ARUN RATH, HOST:
Long before "Breaking Bad" brought a whole new set of associations to northern New Mexico, it was a place where a lot of people went to find God. Reading "Night At The Fiestas," a fantastic new collection of stories by Kirstin Valdez Quade, you can understand why the place has attracted spiritual seekers from Benedictine monks to the often-ridiculed New Age mystics.
KIRSTIN VALDEZ QUADE: My family has been in northern New Mexico for hundreds of years. My family's presence can be traced back to 1695 and some of the earliest conquistadors. So there's a long family history in the region. It has absolutely been romanticized. It shows up in literature and art. And, you know, I think there's - there is a sort of magic to it that draws people. And yet, I think the reality of it is that it's an extraordinarily complicated place.
RATH: And these stories definitely reflect those complications. Although in terms of religion, you know, belief - you know, whether it's mystical religious belief or a scientific atheism - is something which features prominently I think in all of these characters.
QUADE: Yes. I've been - I've always been so interested in religion and faith. As a child, you know, I've always spent a lot of time with my older relatives and my extremely Catholic grandmother and great-grandmother. And yet, my father is a geochemist and so I have this other, you know, very scientific background as well. But certainly, you know, I think one of the reasons I'm interested in faith is that faith is so much about longing. It's about longing for transcendence. It's longing to be closer to the infinite and longing to connect with others. It's about empathy. And, you know, I think that's also the project of fiction. Fiction is about longing and empathy.
RATH: One of the most interesting stories in here is the story "Nemecia," which is - you know, I've read a lot of stories that reflect on how people are molded by their pasts. But this is a story about how someone is molded by someone else's past, because the character in this story ends up being abusive, physically and verbally, to her cousin, and, like, that's where, like, she transfers that toxic past.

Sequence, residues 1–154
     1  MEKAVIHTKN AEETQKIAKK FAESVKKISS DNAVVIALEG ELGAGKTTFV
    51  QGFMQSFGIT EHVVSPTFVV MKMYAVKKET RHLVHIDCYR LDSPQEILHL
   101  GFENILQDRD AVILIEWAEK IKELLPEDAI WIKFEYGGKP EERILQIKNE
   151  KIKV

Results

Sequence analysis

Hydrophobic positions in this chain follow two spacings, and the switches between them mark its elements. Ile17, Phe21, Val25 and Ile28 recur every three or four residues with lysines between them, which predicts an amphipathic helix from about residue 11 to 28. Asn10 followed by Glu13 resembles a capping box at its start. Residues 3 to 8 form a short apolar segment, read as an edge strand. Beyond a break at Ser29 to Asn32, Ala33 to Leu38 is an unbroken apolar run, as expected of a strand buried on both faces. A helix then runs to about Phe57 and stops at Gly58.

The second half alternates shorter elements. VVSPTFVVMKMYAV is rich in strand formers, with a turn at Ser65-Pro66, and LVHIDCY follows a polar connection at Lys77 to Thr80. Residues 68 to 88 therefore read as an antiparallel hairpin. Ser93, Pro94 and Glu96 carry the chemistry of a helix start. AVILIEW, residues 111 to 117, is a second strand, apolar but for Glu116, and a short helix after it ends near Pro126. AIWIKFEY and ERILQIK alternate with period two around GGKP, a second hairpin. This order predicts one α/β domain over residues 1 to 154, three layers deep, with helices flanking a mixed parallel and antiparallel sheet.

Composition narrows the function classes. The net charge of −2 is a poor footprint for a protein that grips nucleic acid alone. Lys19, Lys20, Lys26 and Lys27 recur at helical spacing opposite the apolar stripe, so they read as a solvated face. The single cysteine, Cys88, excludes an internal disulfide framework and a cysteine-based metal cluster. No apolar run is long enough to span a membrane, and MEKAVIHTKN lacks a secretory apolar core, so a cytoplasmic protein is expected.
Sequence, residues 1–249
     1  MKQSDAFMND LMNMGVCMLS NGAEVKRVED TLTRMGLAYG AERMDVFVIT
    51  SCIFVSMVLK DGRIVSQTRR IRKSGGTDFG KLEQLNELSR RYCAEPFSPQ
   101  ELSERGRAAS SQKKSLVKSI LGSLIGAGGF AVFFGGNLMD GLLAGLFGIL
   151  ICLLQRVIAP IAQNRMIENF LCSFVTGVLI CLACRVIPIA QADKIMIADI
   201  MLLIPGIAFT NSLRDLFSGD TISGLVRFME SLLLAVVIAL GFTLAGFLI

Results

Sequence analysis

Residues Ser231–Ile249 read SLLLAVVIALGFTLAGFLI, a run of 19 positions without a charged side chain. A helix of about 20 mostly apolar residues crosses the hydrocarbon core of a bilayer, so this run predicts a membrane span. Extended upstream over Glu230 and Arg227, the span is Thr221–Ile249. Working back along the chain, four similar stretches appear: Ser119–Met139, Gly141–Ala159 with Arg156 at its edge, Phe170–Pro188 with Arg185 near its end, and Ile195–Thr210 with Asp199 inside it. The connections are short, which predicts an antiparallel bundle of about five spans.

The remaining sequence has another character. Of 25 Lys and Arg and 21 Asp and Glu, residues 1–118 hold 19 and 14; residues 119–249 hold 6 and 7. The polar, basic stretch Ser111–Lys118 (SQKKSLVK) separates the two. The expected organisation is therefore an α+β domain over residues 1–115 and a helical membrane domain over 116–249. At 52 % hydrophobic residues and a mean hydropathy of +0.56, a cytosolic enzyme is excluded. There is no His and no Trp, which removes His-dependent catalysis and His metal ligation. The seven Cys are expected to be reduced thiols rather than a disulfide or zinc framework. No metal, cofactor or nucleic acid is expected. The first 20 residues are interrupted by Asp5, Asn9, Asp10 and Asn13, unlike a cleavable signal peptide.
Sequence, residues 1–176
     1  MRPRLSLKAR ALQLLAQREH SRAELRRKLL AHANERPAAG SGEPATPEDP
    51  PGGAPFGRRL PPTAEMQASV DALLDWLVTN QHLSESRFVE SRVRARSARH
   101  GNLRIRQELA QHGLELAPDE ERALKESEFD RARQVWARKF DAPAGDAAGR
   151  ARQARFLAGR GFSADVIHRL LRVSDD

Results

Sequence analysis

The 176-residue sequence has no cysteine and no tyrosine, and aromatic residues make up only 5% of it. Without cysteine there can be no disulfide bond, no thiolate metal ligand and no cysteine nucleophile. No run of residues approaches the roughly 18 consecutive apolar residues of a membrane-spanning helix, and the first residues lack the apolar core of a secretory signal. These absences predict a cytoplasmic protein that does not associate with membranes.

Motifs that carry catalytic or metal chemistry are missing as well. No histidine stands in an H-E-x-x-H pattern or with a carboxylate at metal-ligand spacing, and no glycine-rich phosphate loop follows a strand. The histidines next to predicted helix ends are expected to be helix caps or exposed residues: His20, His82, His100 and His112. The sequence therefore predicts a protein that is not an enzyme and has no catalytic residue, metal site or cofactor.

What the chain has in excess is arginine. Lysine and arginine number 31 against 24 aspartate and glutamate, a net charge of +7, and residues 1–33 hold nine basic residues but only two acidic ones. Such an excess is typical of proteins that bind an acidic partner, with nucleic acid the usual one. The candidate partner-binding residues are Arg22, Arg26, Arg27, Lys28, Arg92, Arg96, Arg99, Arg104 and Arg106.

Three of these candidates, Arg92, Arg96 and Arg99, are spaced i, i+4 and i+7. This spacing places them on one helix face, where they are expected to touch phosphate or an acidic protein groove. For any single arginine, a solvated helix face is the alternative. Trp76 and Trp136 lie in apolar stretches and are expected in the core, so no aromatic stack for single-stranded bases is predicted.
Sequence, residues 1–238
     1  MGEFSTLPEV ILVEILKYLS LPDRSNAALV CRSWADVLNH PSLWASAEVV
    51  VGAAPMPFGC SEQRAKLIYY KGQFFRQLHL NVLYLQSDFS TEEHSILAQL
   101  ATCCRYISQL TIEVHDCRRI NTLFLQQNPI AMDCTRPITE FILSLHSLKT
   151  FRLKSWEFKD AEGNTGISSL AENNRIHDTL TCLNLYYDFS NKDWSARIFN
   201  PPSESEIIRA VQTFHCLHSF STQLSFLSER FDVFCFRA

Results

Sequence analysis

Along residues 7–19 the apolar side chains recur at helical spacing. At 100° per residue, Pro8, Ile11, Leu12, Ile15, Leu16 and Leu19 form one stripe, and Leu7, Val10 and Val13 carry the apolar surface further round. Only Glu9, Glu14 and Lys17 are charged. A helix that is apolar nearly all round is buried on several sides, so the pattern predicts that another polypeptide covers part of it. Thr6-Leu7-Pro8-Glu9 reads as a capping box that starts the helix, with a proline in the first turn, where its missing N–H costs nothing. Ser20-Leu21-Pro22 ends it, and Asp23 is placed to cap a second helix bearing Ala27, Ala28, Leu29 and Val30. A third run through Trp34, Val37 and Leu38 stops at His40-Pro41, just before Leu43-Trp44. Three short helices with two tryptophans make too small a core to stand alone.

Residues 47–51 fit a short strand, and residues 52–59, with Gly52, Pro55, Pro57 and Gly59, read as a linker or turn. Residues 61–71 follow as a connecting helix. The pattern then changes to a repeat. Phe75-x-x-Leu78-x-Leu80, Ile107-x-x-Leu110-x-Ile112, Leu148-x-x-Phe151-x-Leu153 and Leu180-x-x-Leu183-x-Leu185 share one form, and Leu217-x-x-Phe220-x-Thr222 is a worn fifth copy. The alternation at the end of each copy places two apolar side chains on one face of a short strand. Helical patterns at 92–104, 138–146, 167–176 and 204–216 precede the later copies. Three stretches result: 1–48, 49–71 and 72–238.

QUADE: So the seed for this story came from a family story. My godmother was a child and watched as her father in a drunken rage murdered her grandfather and put her mother in a coma. And I heard this story when I was in my late teens. It had been kept a secret from pretty much everybody. When I knew my godmother, nobody mentioned this story. It was only after she died that my grandmother told me this story. So I knew that I wanted to explore this material because there were so many gaps in the version that I was told. And it was really only through fiction that I was able to try to understand what that may have been like for her. And I should say right off the bat that Nemecia is not anything like my godmother, who was generous and lovely. And that's again also where the fiction really came in.
RATH: So some of these stories have been published before this collection. Have you had reactions from old friends or family in New Mexico?
QUADE: (Laughter) When my first story, "The Five Wounds," was published, I was really excited and I called my grandmother and I sent her a copy. And when finally I asked her if she'd read it and she said she had. And I said well, what did you think? And she said oh mi hijita. I didn't know you knew such bad words.
RATH: That - that's kind of what you want you her reaction to be, right?
QUADE: (Laughter) Yes.
RATH: It's nice she has that idea of you.
RATH: (Laughter) Kirstin Valdez Quade's new short story collection is called "Night At The Fiestas." Kirstin, real pleasure speaking with you, thank you.
QUADE: Thank you. It was my pleasure.
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